). As a result, viral infection-triggered intra-S-phase arrest slowed down cellular DNA synthesis; however, the intra-S-phase arrest induced by polyomaviruses is largely regulated by the viral large T antigen (16
). In contrast, none of the MVC-encoded proteins are involved in cell cycle regulation (3
) (). Therefore, we have identified, for the first time, a viral DNA replication-dependent intra-S-phase arrest that is ATM mediated.
The ATM-SMC1 pathway is intimately involved in slowing down the cellular DNA replication rate in response to DSBs (25
); however, how phosphorylated SMC1 interferes with cellular DNA replication remains unclear. At least in the intra-S-phase arrest induced during MVC infection, RFC1, which is a key component of the RFC complex that loads PCNA to replicating DNA (82
), is a target for downregulation (). Notably, during the very early phase of infection, RFC1 colocalized within the viral replication centers and later disappeared from the centers when viral DNA was actively replicating. This led us to hypothesize that RFC1 is required for the conversion of viral ssDNA to the double-stranded replicative form (RF DNA) (, Step 1) upon virus infection. Nevertheless, the downregulation of RFC1 during the intra-S-phase arrest provides a candidate for linking SMC1 activation with downregulation of cellular DNA replication. The function of RFC1 in MVC DNA replication and in SMC1-mediated intra-S-phase arrest warrants further investigation.
Studies of virus infection-induced DDR have uncovered novel mechanisms underlying virus-host interaction (15
). Although early studies indicated that infection by most DNA viruses was able to create lesions on cellular DNA involving viral proteins (44
), whether this is common and the major cause of the DDR signaling is not clear. MVC infection did not cause obvious damage to cellular DNA (); hence, the DNA damage signaling induced during MVC infection must come from viral DNA. We and others previously have shown that replication of autonomous parvovirus is required for triggering a DDR (4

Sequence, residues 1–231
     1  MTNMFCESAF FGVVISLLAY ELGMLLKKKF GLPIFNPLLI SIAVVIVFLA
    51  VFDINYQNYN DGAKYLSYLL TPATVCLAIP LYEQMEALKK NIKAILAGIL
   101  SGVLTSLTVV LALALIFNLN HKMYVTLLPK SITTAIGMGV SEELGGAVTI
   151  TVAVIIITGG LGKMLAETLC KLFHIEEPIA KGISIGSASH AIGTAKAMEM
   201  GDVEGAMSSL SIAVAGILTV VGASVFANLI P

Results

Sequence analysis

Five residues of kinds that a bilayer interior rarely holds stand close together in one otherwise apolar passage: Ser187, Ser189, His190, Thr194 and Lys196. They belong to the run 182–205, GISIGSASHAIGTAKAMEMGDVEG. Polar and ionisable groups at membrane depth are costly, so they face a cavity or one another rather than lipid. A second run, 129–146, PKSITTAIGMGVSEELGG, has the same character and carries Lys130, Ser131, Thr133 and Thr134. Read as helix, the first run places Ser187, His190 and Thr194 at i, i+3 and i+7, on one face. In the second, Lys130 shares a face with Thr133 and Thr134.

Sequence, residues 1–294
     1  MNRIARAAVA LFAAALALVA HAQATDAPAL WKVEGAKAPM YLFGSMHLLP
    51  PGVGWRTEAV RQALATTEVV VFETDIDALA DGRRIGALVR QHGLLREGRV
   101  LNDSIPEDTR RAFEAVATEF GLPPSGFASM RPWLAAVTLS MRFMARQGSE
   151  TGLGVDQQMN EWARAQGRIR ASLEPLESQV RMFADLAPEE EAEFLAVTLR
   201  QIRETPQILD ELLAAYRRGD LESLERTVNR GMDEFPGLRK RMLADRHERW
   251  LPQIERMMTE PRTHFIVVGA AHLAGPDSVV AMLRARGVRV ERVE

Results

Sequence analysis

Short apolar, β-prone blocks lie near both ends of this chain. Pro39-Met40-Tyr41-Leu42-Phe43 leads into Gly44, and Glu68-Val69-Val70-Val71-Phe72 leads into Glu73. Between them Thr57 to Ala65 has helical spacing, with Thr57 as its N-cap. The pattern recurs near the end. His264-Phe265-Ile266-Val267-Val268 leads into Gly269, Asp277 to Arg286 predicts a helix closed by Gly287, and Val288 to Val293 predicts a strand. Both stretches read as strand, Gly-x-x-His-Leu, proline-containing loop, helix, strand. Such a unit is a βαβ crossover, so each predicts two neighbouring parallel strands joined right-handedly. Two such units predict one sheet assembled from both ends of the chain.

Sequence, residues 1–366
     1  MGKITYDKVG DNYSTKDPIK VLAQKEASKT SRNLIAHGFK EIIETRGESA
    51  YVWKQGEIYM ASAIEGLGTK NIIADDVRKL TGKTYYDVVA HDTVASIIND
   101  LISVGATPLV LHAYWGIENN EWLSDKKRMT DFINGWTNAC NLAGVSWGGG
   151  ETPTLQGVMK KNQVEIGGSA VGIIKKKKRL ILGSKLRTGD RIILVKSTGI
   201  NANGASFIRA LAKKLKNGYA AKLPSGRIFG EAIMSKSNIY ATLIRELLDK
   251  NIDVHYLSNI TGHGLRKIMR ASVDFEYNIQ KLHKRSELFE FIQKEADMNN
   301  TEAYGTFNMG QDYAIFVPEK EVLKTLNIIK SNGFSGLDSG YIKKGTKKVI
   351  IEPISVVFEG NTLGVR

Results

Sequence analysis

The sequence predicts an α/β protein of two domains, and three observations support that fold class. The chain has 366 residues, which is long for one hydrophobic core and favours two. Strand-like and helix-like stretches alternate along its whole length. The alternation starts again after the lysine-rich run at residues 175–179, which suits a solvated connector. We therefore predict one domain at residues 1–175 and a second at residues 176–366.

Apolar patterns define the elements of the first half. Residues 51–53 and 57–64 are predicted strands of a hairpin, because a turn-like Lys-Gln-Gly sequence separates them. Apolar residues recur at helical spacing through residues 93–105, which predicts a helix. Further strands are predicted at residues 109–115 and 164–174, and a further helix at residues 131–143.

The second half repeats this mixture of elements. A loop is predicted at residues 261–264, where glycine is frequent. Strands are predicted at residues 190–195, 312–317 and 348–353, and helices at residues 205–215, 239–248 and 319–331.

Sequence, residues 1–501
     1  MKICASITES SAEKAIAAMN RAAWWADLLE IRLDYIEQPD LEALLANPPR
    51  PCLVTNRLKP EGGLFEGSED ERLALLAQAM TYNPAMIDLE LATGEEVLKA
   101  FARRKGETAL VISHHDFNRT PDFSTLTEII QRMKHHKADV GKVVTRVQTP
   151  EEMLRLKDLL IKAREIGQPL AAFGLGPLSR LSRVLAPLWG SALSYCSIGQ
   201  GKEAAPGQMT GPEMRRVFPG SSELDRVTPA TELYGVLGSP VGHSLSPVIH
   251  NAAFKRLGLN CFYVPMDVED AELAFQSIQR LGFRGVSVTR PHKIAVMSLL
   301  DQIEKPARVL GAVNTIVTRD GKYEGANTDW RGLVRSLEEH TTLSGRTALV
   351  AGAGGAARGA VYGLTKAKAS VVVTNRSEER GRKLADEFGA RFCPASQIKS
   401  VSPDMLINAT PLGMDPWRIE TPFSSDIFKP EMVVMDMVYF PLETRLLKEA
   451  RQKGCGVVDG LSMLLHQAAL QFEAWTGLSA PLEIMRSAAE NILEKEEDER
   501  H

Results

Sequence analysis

). Here, we provide evidence, for the first time, that replicating viral genomes (or intermediates) mimic damaged DNA (likely DSBs), which, in the case of autonomous parvovirus, likely involves the unique hairpin structures, thereby recruiting the MRN complex and DDR proteins. However, due to the difficulty of isolating such intermediate DNA, we are not able to provide direct evidence to show that such DNA structures can directly induce DDR signaling. Nevertheless, in addition to the fact that the DNA damage sensor, the MRN complex, is directly associated with the replicating viral ssDNA, Nbs1 was phosphorylated in the viral replication centers (), strongly suggesting that a DNA repair pathway followed by the intra-S-phase arrest is involved in MVC DNA replication. Interestingly, accumulating evidence has shown that DNA repair factors localize in the replication compartments of many DNA viruses; for instance, the homologous recombinational repair (HRR) factors are recruited into the replication centers of Epstein-Barr virus (EBV), SV40, and HPV (80
). It was suggested that HRR factors are recruited to repair DSBs on the viral genome in the viral replication compartments but not for viral DNA replication. It is understandable that the DSB-initiated repair pathways of homologous recombination and nonhomologous end joining (NHEJ) are involved in the replication of DNA viruses whose genome is dsDNA, since their replication often involves a step of circularization; however, DNA replication of autonomous parvoviruses, whose genome is ssDNA, follows a rolling-hairpin strategy of DNA replication which does not involve circularization of any replication intermediates (54
). The fact that SMC1, a cohesion protein of chromosome DNA, plays a key role in MVC DNA replication may also suggest that it maintains proper alignment of the parvoviral minichromosome (90
) for terminal resolution of RF DNA (54
), in addition to its role in the intra-S-phase arrest. How these DNA repair factors accumulated in the viral replication centers facilitate viral DNA replication, in particular during autonomous parvovirus infection, remains unknown and is a central question in parvovirus DNA replication.
In summary, MVC infection triggers a MRN-ATM-SMC1-mediated intra-S-phase arrest to create an S-phase environment and to recruit the cellular DNA replication machinery, and perhaps the DNA repair machinery, to facilitate MVC DNA replication. Such a strategy may represent a common feature of the DDR induced by other autonomous parvoviruses, which are dependent on S phase for replication in host cells.